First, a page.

Seen Over The Weekend: Armchair Travels

This time of year, I dream of exotic travels. Then I look at my actual travel budget and remind myself that staying at home can also be broadening. Plus, the kids’ passports need to be updated. But here are some dreamy travel links anyway.

• Summer vacation season, unfortunately, is also pickpocketing season in tourist destinations. American-in-Paris David Lebovitz gives an interesting rundown of scams and behaviors to guard against if you’re visiting his adopted home. I think it’s pretty good advice for tourists anywhere, personally.

• 2013 is Ireland’s official Family History Year, as good a reason as any to schedule that long-awaited Emerald Isle roots-research trip. The Irish American News ran an item about two genealogy research package tours sponsored by the Irish Ancestral Research Association (TIARA).

• Or cruise to Maine, Nova Scotia and New Brunswick on a Genealogy Conference and Cruise hosted by Wholly Genes, Inc.

• The Chicago Tribune ran this quick rundown of typical roots research/vacation destinations in Germany.



History Reconsidered, Via Newsreel

Another modern methodology story:

It was 100 years ago this month that a suffragist named Emily Wilding Davison surged onto the track at Epsom at the Derby, throwing herself under the hooves of the King’s racehorse and sustaining fatal injuries in a suicidal bid to draw attention to the fight for women’s voting rights.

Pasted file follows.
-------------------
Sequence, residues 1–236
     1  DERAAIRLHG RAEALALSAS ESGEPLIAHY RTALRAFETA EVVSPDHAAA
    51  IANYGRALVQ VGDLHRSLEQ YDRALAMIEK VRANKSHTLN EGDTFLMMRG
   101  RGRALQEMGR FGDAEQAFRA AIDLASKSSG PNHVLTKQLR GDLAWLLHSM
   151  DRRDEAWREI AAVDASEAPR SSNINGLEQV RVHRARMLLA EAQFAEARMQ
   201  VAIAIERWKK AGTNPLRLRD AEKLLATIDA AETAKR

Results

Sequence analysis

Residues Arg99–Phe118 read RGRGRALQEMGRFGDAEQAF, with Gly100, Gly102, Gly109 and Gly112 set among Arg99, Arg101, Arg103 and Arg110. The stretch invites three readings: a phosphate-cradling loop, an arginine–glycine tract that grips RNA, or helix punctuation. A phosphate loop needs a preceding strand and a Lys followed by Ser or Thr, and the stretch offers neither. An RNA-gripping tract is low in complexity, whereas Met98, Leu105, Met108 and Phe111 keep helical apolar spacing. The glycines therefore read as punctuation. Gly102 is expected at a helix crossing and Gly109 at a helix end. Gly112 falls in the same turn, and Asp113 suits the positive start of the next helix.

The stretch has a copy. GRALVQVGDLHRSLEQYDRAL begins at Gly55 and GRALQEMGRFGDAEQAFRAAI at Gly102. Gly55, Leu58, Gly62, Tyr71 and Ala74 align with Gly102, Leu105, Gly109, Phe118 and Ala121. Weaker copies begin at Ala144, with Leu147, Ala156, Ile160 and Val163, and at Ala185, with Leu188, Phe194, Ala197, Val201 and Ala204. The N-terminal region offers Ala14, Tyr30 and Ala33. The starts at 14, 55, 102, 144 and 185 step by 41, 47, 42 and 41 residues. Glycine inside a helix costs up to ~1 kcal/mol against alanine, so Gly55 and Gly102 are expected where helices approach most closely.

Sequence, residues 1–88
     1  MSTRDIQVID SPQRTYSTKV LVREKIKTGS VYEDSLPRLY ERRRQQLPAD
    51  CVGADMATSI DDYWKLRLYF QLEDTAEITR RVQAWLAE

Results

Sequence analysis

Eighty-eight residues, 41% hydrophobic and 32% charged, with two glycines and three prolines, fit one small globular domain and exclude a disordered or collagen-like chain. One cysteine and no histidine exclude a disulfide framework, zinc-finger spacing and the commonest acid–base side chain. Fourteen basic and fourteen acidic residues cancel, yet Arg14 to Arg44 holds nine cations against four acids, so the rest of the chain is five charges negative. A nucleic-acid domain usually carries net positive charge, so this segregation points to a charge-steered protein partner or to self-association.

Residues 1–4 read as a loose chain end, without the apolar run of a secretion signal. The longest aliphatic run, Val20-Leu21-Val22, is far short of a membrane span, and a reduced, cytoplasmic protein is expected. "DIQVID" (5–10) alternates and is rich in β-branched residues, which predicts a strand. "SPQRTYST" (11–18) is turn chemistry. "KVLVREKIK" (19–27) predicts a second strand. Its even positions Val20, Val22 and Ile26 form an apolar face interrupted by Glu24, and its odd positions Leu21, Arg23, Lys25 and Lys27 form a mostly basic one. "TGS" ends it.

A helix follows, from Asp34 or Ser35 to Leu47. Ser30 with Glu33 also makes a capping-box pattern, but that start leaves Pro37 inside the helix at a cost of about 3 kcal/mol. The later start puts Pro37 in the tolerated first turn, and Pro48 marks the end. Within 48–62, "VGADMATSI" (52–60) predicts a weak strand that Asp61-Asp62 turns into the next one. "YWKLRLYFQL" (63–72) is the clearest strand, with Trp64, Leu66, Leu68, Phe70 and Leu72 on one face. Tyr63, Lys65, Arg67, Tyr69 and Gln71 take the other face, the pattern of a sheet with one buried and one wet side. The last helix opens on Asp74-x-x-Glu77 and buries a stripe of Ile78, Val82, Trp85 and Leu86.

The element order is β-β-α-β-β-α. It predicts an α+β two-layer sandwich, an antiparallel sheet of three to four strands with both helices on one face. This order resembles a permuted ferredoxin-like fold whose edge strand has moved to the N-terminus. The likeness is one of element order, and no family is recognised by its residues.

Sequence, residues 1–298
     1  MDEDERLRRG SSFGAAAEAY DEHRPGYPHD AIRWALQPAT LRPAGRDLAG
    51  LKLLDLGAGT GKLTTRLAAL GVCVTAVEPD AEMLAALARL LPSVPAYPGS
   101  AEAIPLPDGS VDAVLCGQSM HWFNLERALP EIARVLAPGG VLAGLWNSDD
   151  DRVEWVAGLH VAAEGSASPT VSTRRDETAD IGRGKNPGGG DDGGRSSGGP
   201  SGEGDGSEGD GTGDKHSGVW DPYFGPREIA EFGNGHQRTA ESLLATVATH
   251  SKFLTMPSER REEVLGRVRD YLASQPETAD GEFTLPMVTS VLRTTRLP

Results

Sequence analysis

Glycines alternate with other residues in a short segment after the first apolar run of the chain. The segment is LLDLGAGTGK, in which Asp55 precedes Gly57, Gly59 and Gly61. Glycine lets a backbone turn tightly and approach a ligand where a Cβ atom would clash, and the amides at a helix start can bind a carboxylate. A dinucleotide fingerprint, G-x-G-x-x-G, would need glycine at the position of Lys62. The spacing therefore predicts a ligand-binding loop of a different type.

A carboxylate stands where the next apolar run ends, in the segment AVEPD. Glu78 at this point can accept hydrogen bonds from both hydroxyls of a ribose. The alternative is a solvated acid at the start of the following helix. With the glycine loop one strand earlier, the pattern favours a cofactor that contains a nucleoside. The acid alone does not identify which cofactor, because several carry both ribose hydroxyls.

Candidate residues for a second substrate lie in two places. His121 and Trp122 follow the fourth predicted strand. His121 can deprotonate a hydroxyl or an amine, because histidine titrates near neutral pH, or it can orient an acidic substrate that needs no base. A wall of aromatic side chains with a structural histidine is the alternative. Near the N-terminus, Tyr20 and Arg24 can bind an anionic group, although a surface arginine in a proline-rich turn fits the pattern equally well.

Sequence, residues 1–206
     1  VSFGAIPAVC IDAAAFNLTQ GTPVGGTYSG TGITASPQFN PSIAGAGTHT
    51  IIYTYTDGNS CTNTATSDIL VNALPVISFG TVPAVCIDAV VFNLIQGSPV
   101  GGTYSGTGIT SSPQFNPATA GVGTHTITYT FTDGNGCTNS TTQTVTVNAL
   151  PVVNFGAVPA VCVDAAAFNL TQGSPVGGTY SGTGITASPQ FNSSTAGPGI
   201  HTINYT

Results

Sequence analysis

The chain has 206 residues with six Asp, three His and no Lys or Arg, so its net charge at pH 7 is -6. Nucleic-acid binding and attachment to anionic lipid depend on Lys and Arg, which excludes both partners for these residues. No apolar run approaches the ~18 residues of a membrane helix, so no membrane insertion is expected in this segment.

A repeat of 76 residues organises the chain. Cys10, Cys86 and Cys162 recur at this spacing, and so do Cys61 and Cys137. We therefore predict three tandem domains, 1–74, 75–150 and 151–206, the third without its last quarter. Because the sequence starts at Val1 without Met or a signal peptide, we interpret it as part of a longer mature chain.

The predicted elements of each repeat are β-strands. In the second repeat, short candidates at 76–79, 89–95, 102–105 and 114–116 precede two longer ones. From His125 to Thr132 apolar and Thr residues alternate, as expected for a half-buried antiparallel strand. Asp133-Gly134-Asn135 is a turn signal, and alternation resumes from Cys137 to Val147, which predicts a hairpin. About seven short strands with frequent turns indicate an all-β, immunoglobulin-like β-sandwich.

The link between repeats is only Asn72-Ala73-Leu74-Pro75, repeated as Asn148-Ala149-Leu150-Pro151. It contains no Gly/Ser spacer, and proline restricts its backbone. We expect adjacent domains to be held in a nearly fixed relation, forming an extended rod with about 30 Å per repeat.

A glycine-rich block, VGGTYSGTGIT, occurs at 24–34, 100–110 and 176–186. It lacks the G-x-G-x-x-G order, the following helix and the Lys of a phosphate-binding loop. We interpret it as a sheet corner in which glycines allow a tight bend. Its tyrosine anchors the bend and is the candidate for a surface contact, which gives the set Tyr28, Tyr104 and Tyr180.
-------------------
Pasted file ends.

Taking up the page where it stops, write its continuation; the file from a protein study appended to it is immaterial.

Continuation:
Or did she?

Many historians have argued that Davison was not suicidal — there was a return train ticket in her pocket, and she had made plans to go on holiday with her sister shortly after the Derby. In that case, what was she doing? Some have argued that Davison merely intended to dash across the track waving a suffragist banner, and she misjudged the timing. Others believed she intended to attach a flag to King George V’s horse, Anmer.

But that newfangled development, the newsreel, was very much in place at the 1913 Derby. As Guardian reporter Vanessa Thorpe writes, there were three newsreel cameras rolling. Today’s sophisticated imaging technology, plus fresh, cleaned-up images from the original nitrate stock, literally brought the event into clearer focus, strongly suggesting that Davison, while on a very risky mission, wasn’t intending to kill herself.

One of the wonderful things about new techniques like digital film analysis is the reminder that history can be a rather fluid thing. The new things we learn have the ability to firm up the outlines of established pictures, or shift them into new shapes.

Emily Davison (at left) and jockey Herbert Jones on the ground at the Derby in Epsom, 1913. Hulton Archive photo reproduced on

Emily Davison (at left) and jockey Herbert Jones on the ground at the Derby in Epsom, 1913. Hulton Archive photo reproduced on